Author Alick Simmons has been involved in conservation projects such as crane ringing. Image by A Simmons.

Do you have any concerns that the current pressures in people’s lives, such as the cost of living crisis, the Covid-19 pandemic, war in Ukraine, climate crisis etc., are impacting people so much that they don’t feel as though they have the time, energy or money to prioritise animal rights and ethics? For example, if someone is struggling to make their food budget last the month, then purchasing cheap meat with poor welfare standards may be the most feasible option at that time.

It has been said that a concern for animal welfare is a luxury indulged in by the affluent. I disagree. Society has set animal welfare norms much of which are coded in legislation – which should be observed no matter how straitened our circumstances. The first few of these norms were set when living standards were much lower than they are today. That said, we live in difficult times and with less buying power, people have difficult choices to make. The cheapest meat is chicken and it’s also the world’s favourite. The meat chicken (known as the broiler) may have won the post-WWII race to produce the most abundant animal protein but at what cost? As Chapter 5 of Treated Like Animals details, broiler welfare is generally poor and alternative, less intensive rearing systems meet the birds’ needs better. However, the meat is more expensive. I argue that it is better for you (and the birds) to eat smaller amounts of better quality, slower grown meat than to eat larger amount of cheaper meat where standards are generally poorer. The difference can be made up with proteins from plant-based foods.

In terms of your own personal code of ethics, what troubles you the most? Or, to put it another way, what issue have you found the most difficult to reach a satisfactory position or opinion on?

There are two: First, while I still eat animal products, albeit less and less, the colossal scale of some farming systems used to rear pigs, fish, dairy cows and chickens does bother me. No matter how cleverly designed the buildings, how good the system, these animals cannot be cared for in the way that smaller operations allow. It’s simply not possible. Add to that, given the barren environments which hinder normal behaviour, one has to question whether these systems are acceptable. However, after a lifetime of eating cheese I am finding it difficult to switch to the alternatives.

The second is research. I find it difficult to justify the use of primates for basic neuroscience research (that is, research with no immediate practical benefit) because of its protracted and invasive nature. On the other hand, it is argued, without a comprehensive understanding of the architecture and function of the brain, our ability to eventually tackle degenerative nervous conditions like Alzheimer’s disease will be hindered. I find I can’t reach a position on this.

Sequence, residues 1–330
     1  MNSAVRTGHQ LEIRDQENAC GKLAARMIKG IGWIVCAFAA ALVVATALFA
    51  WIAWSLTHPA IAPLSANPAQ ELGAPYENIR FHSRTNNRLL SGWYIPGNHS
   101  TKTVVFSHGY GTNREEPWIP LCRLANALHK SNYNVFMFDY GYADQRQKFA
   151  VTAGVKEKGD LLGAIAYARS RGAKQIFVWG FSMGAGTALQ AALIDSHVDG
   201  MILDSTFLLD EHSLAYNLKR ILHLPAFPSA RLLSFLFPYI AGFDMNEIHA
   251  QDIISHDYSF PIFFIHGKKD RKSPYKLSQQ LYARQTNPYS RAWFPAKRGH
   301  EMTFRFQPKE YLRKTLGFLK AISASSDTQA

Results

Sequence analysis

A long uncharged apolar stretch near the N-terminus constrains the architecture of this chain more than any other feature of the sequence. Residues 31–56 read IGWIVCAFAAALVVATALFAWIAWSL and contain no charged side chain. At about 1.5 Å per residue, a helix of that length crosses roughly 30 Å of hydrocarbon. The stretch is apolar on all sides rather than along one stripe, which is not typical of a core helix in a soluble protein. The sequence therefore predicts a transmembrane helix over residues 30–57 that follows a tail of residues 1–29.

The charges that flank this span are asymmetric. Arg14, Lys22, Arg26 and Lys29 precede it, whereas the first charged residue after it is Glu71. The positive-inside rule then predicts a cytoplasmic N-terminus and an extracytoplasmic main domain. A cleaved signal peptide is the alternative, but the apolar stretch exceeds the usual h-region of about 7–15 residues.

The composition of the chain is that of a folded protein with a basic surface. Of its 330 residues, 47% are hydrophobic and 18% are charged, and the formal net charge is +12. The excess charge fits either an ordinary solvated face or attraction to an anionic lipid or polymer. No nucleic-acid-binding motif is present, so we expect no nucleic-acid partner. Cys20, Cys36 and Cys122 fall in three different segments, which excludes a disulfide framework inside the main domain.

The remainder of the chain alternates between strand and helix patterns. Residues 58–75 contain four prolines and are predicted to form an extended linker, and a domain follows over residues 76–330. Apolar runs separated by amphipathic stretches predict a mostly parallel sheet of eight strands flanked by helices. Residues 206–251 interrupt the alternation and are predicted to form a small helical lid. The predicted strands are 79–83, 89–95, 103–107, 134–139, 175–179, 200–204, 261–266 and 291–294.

Simmons dedicates an entire chapter of his book to the ethics surrounding the ‘management’ of wildlife. Image by A Simmons

If, upon reading your book, people would like to take a more active role in promoting positive animal welfare in the UK, what might be the most important and impactful steps for them to consider?

There are two main ways where you can make a difference: First, vote with your feet. Avoid the products which, based on your own ethical position, you object to. Chapter 11 includes my own ethical framework and this can be adapted to your own position. Better still, get engaged and active. For example, join an organisation that campaigns for better animal welfare, get better informed, lobby your MP, etc. Voting with your feet, particularly if it snowballs, does make a difference – you only need to look at how supermarkets change their offer – to free range eggs and a growing range of vegan products, for example. But avoiding certain products won’t be effective against other welfare concerns where consumer-led action has little or no impact. Take for example, the killing of wildlife. Most are killed using methods which are demonstrably inhumane: spring traps, snares, live capture traps, glue traps and poisons. Very few of us see what goes on but take it from me – this is largely unregulated, poorly scrutinised and involves perhaps millions of animals dying in a way that we would not tolerate for research animals, farmed animals or our pets. There are no products to boycott here (except perhaps ‘game’ birds), but you could do a lot worse than getting involved with organisations which lobby government and research alternatives such as the Universities Federation for Animal Welfare, OneKind and Humane Society International.